Leslie Neumann, Artist's Statement 2018

After 68 years on the planet, I have a lot of stories, and I have lots of experiences. Some of my past doesn’t even feel like me. But one thing has always been true. My family was brilliant, liberated, and creative, and they instilled in me these dual primary objectives: follow your dreams and do good in the world.

Follow your dreams? I make art because I love to paint. I make THIS kind of art because I’m awed by the beauty and the raw power of nature.

Oftentimes, I paint nature from the “kayak point of view,” up close, nose to nose with the wetlands. These paintings are full of vibrant colors and lush textures. Occasionally, I paint nature from a flying bird’s point of view, when I float above it all in the clouds, but I’m still within view of the earth. And once in a while, the journey is deep into the cosmos where’s there’s no attachment to land, and I feel free from time and gravity.

My medium is encaustic – or hot wax – which is an unpredictable and seductive material. It supplies luminosity to my work, and intriguing surfaces, along with “happy accidents.”

As to the other primary objective, do good in the world: I am a citizen activist, focused mostly on land conservation along the Gulf coast area of Florida. I belong to a small, but mighty local land trust that works to protect environmentally sensitive land by placing it into public ownership. We have a notable record of success, so much so, that if you look at maps of Google Earth on the Gulf in west central Florida, you can see the swath of “green” that shows our influence.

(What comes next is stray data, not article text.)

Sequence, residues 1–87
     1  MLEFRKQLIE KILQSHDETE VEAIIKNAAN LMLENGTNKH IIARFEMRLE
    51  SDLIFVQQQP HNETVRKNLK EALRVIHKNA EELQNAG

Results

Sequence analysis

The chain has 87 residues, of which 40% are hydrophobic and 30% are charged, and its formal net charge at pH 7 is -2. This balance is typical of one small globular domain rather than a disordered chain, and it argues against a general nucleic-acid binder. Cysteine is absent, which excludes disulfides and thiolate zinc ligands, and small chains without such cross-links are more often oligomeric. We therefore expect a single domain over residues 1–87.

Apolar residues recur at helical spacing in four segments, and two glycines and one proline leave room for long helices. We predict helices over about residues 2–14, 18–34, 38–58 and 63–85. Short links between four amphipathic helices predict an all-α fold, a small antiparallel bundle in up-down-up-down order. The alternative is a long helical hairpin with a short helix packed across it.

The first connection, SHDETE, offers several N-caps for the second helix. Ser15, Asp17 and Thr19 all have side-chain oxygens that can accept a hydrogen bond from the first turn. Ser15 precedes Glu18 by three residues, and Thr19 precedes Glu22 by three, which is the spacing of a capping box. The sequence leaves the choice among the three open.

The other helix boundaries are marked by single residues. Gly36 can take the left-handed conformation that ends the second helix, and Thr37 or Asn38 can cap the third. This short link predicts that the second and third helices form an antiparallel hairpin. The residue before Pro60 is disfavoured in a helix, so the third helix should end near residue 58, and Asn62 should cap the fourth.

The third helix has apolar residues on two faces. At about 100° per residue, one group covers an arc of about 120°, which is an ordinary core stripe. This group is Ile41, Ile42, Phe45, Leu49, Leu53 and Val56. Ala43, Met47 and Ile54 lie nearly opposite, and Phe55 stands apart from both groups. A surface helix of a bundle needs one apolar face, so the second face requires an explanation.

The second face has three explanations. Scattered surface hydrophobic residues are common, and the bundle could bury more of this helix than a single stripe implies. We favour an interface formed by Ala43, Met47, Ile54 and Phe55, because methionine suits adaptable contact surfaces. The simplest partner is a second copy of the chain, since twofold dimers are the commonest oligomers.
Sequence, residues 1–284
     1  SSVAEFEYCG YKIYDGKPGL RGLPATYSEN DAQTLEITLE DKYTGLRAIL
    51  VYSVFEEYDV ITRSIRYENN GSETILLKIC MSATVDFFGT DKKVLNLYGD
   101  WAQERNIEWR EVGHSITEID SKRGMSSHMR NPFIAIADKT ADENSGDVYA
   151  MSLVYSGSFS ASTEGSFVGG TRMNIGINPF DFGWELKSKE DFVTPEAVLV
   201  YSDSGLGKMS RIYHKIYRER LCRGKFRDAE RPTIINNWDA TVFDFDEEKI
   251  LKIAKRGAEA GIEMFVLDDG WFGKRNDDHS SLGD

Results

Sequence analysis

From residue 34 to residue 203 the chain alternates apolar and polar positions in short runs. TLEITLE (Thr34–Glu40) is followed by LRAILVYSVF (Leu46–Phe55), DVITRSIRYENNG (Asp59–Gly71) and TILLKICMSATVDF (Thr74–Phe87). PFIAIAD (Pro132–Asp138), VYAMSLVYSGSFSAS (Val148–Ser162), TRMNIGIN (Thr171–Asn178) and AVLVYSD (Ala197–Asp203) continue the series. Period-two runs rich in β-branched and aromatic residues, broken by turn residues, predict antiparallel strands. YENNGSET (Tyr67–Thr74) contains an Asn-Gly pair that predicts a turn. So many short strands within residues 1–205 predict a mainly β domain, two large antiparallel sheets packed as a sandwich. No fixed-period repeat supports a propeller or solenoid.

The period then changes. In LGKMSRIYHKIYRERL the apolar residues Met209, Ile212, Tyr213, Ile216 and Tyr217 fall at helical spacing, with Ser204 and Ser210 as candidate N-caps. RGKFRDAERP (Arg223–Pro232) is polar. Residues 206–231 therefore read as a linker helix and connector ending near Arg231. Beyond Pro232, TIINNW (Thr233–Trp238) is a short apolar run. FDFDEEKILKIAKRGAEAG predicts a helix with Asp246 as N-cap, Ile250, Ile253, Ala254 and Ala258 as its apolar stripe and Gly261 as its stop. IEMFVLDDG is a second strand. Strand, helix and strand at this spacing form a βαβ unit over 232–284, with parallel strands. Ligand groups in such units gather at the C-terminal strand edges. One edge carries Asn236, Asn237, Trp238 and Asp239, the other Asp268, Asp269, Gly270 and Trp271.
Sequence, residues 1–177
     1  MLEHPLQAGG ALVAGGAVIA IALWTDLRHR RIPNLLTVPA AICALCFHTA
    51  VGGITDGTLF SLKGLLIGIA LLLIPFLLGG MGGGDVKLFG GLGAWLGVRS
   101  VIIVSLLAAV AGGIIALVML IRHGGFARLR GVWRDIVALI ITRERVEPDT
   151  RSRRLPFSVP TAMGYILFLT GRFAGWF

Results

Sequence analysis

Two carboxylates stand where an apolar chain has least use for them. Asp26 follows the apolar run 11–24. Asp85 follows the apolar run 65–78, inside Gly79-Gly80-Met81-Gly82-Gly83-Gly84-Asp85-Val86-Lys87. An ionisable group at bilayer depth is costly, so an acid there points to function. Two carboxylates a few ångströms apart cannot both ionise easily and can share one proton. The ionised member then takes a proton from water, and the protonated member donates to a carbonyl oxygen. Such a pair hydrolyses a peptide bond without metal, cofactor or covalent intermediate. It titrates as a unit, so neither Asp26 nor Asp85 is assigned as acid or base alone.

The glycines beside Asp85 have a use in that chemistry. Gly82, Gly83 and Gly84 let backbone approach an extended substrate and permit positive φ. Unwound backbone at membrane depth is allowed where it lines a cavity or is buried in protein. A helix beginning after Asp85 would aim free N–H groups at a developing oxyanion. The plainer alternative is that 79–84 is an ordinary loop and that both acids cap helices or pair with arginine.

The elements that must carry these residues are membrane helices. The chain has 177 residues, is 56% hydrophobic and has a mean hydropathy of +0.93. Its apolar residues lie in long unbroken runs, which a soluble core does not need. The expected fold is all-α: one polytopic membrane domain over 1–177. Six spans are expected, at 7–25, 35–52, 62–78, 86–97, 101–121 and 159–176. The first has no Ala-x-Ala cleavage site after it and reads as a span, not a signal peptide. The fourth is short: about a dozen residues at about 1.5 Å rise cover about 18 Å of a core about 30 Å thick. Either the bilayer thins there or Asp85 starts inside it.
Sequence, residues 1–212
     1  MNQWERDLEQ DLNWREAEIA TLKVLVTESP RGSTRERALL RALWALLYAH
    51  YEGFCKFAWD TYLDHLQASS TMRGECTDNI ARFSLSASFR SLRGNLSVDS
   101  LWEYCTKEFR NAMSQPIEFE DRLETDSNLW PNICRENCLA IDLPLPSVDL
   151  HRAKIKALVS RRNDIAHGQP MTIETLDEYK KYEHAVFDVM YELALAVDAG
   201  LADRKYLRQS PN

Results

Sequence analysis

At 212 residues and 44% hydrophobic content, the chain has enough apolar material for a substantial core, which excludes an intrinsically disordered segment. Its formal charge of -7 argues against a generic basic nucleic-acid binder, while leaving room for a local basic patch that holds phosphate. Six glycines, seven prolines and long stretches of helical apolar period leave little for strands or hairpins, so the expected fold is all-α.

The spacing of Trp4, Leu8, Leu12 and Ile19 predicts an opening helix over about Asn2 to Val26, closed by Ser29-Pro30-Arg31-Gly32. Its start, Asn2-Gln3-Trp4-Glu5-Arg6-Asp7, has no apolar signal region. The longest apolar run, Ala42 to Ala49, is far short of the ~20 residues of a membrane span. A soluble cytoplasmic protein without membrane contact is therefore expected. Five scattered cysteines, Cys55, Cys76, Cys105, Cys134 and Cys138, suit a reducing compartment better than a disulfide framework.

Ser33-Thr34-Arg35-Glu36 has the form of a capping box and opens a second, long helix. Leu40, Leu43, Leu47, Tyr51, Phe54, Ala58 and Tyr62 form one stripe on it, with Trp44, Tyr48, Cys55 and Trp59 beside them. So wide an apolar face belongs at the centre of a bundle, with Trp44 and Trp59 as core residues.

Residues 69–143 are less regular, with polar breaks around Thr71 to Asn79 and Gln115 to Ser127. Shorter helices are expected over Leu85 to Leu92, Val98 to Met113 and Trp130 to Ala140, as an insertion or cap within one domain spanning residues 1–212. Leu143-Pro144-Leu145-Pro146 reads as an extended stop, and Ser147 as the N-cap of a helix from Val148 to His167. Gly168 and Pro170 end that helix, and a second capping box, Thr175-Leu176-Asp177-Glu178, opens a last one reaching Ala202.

Some artists are activists in their art – using their art as a form of protest, to point out injustices or society’s ills. I’m an activist in my day-to- day life, not in my art. I leave the studio to speak on behalf of land conservation to people who have the power and the purse strings: county commissioners, state legislators and other government agencies like DEP, Army Corps of Engineers, or the Water Management District.

But when I paint, it’s a different story. As Amanda Cooper, the Curator of Exhibitions at the Morean Arts Center in St. Petersburg, Florida, said to me, “I think this is what you were meant to do…make beautiful paintings that underscore the importance of the natural environment. Your happiness and contentment are contagious through your art work. That’s your role…the happy activist.”

The Happy Activist — Essay About Leslie Neumann by Amanda Cooper

Leslie's Inspiration
In 1991, I moved from New York City, population 8 million, to Aripeka, a small fishing village of 500 people on the Gulf of Mexico in Florida. My home and studio are surrounded by more than 14,000 acres of coastal wilderness. I hear no traffic. Instead, I listen to the fish jump at night, while seeing stars reflected in the water. All of this beauty has inspired and influenced me as an artist. Every day I’m engaged by the raw, primitive energy of the wetlands, as well as the vast cosmic night sky.